The place of skills training

Make no mistake – a good level of competence and fluency with operational skills is useful in producing fast and accurate calculations.

Make no mistake – the skills are not an end in themselves.

TRAIN for the GAME

Just like a sports coach, I believe that students need to train to develop skills.

By “TRAIN” I mean:

Tedious Repetitive Activities Involving Number

Just as in a sporting context, what we do in training is useful. A football coach will drill players over and over until they get mastery of the skill.

But this is not the end of the process. There are no trophies for the team that trains the best or has the best drilled skills session. The skills need to be employed and articulated in the game context.

By “GAME” I now refer to:

Genuine Application of Mathematical Experience

Children have a great capacity for learning and replicating very sophisticated processes and operations. Does this necessarily imply understanding? I’d be inclined to say no – I can’t really observe understanding until I see how students apply their knowledge or skills to a real-world problem.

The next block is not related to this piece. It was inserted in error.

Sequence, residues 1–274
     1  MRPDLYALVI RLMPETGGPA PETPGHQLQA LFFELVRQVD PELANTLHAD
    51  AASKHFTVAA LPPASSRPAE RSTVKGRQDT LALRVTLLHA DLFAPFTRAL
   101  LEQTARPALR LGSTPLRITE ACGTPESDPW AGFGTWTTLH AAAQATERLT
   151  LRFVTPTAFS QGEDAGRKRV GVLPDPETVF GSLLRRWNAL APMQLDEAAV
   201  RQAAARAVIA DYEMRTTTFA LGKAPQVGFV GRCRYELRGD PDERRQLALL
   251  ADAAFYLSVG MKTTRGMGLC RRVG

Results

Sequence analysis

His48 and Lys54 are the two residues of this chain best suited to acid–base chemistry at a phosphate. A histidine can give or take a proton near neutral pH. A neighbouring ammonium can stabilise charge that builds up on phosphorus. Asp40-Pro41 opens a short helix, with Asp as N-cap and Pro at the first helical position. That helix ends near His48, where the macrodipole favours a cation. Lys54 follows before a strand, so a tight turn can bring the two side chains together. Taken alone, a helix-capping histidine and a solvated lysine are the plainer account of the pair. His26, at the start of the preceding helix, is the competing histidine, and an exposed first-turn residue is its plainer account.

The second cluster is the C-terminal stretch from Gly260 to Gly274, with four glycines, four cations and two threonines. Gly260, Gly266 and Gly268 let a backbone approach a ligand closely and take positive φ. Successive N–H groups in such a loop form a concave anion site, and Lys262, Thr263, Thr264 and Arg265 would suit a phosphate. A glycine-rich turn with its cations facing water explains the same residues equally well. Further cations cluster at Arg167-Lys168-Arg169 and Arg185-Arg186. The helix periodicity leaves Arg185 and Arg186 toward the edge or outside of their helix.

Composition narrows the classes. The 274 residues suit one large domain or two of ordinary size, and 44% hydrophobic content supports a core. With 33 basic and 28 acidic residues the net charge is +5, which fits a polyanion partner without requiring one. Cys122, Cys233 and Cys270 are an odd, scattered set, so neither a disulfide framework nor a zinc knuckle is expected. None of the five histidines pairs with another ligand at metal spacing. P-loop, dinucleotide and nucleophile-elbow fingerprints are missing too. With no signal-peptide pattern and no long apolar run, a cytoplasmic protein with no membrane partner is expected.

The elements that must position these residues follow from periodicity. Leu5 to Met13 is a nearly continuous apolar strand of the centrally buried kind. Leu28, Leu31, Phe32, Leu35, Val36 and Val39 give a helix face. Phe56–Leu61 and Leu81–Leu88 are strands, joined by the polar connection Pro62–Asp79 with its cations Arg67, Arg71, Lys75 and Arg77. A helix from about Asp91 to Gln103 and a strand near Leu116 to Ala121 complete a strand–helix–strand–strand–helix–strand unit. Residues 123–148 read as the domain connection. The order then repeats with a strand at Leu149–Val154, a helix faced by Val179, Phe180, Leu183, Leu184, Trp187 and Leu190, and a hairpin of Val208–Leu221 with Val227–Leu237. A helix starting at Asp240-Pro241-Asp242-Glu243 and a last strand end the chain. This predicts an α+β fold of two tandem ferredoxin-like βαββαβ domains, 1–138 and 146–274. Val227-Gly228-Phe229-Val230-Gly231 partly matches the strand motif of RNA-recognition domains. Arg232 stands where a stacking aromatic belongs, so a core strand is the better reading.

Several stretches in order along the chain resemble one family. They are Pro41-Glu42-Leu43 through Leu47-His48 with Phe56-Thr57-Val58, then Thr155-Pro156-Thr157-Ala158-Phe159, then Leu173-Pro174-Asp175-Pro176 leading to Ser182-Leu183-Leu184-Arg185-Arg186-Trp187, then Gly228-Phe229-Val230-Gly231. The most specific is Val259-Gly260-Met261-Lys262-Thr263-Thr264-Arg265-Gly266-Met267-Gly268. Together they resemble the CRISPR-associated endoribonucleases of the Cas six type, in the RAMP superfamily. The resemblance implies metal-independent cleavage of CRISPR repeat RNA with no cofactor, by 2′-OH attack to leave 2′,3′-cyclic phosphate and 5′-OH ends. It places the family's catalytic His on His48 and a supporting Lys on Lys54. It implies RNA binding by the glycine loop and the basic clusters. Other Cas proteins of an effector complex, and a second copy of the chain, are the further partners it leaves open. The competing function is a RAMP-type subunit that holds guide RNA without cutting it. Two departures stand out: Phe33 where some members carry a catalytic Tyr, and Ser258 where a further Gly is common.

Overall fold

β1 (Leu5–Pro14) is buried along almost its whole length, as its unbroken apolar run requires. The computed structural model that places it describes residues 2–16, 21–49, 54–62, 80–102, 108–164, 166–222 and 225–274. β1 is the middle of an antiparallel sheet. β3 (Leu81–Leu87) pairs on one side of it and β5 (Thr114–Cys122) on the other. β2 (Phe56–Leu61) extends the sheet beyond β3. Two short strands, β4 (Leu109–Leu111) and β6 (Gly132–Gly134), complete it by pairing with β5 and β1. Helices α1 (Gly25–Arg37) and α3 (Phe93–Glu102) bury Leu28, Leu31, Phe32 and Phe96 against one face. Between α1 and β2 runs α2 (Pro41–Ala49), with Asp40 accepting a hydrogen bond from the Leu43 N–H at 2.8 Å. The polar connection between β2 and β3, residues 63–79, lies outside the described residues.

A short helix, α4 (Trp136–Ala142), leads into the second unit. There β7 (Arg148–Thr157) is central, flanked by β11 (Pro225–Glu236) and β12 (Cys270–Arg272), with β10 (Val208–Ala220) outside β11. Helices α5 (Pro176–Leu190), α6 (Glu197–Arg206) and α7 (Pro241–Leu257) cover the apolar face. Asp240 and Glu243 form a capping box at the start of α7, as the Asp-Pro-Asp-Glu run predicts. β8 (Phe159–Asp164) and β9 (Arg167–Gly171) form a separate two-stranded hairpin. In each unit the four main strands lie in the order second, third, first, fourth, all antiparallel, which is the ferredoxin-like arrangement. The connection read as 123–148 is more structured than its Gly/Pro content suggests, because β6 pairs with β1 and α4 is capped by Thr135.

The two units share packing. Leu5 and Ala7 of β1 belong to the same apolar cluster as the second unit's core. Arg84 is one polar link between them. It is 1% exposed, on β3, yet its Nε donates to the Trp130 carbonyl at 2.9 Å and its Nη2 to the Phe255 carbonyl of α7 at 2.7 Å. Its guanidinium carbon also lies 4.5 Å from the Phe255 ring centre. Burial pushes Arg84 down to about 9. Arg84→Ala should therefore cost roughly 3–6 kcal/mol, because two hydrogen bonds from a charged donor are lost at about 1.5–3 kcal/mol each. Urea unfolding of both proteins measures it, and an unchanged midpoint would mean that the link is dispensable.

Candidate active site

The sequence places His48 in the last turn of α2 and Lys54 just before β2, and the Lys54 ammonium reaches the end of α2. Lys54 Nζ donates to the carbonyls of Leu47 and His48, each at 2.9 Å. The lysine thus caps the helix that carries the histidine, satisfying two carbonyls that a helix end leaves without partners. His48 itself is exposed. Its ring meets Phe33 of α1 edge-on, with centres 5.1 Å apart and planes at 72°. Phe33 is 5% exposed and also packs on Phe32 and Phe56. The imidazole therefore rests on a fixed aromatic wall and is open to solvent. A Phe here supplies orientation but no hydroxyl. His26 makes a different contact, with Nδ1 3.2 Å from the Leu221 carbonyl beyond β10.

Just as the coach wants to see his players apply their ball skills in the game, I want to see my students apply their maths skills in the real world.

So what is Authentic Inquiry Maths?

Mathematics is a language that helps people understand the world in which they live.

When we get students who are keen to apply their knowledge and skills to make sense of the world around them, then we see authentic inquiry learning happening.

To get to this point, there are a few things that I feel are central to authentic inquiry in general and maths in specific:

1.     Inquiry is in response to a provocation or problem drawn from real-life experience.
2.     The provocation may be chosen or decided by the teacher but the direction and focus of the inquiry is determined by the student.
3.     Inquiry is an open-ended process that follows a cycle – good inquiry leads to further provocations and problems to investigate.
4.     Collaboration is central to effective inquiry to ensure multiple perspectives and relevance to a diverse audience.
5.     An inquiry moves the student from the known into the unknown. It needs to challenge the student to question his or her own understanding.
6.     An inquiry is transdisciplinary. In maths, this means a shift in thinking away from “pure maths” to a focus on “real maths”.

On this framework I intend to develop my own exploration into the world of maths and maths education. As a teacher and learner, I aim to follow my own advice – to TRAIN for the GAME.